Boeing fell less than 1 per cent to US$368.35 after the close of regular trading. The shares dropped as much as 3.1 per cent following initial reports of the Southwest plane’s emergency landing.

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                • Originally posted by DJR View Post
                  On the other hand you have to wonder about the airlines that passed on the "optional safety features." Just a thought.
                  This. I was just going to say this.

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                  • Originally posted by DJR View Post
                    On the other hand you have to wonder about the airlines that passed on the "optional safety features." Just a thought.
                    The FAA should have never allowed the sale of planes without the safety option. Public safety should be #1, not an option.
                    No teacher, cake are square, pie are round.

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                    • Originally posted by jenius View Post

                      The FAA should have never allowed the sale of planes without the safety option. Public safety should be #1, not an option.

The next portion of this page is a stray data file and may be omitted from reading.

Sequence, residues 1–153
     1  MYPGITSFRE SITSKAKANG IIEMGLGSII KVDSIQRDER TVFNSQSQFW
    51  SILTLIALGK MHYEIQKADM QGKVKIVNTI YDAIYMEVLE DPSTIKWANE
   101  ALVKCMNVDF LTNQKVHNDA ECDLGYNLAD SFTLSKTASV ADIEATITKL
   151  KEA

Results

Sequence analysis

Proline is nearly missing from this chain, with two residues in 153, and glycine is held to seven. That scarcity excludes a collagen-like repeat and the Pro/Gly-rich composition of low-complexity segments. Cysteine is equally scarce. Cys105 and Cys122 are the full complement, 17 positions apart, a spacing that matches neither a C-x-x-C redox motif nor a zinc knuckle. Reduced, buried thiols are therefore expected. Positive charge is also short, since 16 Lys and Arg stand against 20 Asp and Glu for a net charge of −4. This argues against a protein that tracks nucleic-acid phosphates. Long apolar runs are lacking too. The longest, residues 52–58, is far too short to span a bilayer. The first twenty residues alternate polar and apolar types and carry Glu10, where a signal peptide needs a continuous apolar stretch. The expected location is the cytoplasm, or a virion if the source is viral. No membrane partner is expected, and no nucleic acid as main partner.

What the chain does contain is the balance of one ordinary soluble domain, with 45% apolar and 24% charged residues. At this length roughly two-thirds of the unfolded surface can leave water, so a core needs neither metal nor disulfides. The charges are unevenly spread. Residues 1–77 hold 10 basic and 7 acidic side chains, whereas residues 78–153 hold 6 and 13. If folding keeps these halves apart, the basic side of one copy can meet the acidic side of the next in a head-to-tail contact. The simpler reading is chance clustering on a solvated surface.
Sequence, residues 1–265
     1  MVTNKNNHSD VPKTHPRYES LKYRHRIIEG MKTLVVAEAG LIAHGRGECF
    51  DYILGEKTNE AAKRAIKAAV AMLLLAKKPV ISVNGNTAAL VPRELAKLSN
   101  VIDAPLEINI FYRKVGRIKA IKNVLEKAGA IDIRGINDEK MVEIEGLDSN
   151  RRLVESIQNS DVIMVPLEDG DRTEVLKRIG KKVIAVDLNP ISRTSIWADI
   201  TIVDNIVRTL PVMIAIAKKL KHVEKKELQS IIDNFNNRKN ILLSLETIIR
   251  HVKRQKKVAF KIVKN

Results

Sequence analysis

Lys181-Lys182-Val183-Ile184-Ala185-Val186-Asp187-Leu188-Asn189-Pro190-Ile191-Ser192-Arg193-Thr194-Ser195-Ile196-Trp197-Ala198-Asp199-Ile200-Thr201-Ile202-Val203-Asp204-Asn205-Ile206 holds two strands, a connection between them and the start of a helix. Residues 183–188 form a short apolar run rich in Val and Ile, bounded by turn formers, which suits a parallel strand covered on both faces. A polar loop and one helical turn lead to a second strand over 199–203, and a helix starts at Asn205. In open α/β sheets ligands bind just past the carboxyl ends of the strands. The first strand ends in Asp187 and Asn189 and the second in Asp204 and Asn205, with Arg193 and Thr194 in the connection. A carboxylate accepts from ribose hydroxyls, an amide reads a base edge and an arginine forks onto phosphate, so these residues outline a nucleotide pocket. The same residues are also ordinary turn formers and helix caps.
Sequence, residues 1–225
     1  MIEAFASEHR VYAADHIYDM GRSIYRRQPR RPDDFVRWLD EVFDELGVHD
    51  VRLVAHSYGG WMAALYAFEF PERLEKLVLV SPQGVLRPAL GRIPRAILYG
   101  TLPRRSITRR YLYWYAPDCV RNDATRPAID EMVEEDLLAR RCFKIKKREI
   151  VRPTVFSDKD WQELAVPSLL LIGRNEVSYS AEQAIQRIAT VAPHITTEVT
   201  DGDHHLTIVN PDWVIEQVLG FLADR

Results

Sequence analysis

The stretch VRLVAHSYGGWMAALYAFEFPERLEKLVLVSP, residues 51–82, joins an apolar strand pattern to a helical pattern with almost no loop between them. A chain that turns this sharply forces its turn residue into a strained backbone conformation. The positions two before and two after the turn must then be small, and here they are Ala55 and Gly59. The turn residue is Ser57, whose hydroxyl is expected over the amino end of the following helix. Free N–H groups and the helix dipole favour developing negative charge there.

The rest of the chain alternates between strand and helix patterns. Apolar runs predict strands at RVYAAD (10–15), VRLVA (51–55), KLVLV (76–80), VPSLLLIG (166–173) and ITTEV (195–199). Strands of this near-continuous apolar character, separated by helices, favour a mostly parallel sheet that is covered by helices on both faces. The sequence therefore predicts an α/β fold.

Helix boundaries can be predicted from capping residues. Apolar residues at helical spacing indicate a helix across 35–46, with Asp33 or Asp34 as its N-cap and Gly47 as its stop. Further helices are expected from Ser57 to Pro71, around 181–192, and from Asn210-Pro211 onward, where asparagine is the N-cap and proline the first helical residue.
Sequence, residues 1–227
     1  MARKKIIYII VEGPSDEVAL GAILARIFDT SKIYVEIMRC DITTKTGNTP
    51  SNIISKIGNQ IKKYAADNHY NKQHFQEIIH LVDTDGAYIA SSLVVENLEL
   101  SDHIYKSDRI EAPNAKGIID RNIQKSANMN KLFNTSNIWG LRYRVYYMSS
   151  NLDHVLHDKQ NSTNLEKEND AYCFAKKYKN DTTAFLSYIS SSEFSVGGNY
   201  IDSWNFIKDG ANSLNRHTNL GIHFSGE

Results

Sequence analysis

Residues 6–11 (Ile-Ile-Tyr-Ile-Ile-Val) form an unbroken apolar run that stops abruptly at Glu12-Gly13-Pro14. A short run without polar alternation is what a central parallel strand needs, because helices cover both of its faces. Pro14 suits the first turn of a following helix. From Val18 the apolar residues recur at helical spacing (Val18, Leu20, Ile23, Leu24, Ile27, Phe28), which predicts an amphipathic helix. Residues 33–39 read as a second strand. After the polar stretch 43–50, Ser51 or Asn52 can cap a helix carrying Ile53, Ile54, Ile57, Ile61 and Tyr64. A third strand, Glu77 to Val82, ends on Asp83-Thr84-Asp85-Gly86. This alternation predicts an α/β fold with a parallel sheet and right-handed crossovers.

There are a LOT of safety options that are 'optional' on planes from a little Cessna all the way up to an A350.
                      This one just hit the perfect storm of incompetent pilots, optional safety equipment, shoddy mechanics, and Chinese knockoff sensors. Twice.
                      Never fly 3rd world airlines.

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                      • Wow, someone here really loves Boeing. They can do no wrong.

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                        • Originally posted by RiderHard View Post

                          There are a LOT of safety options that are 'optional' on planes from a little Cessna all the way up to an A350.
                          This one just hit the perfect storm of incompetent pilots, optional safety equipment, shoddy mechanics, and Chinese knockoff sensors. Twice.
                          Never fly 3rd world airlines.
                          Huh? I've never read that and couldn't come up with on google either.

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                          • Originally posted by RiderHard View Post

                            There are a LOT of safety options that are 'optional' on planes from a little Cessna all the way up to an A350.
                            This one just hit the perfect storm of incompetent pilots, optional safety equipment, shoddy mechanics, and Chinese knockoff sensors. Twice.
                            Never fly 3rd world airlines.
                            Didn’t Boeing build the plane? If so, isn’t Boeing to blame for the sensors?

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                            • Originally posted by lerriuqs View Post

                              Didn’t Boeing build the plane? If so, isn’t Boeing to blame for the sensors?
                              No. Social media forced Boeing to use cheap Chinese sensors. Get with the program.

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                              • Junk.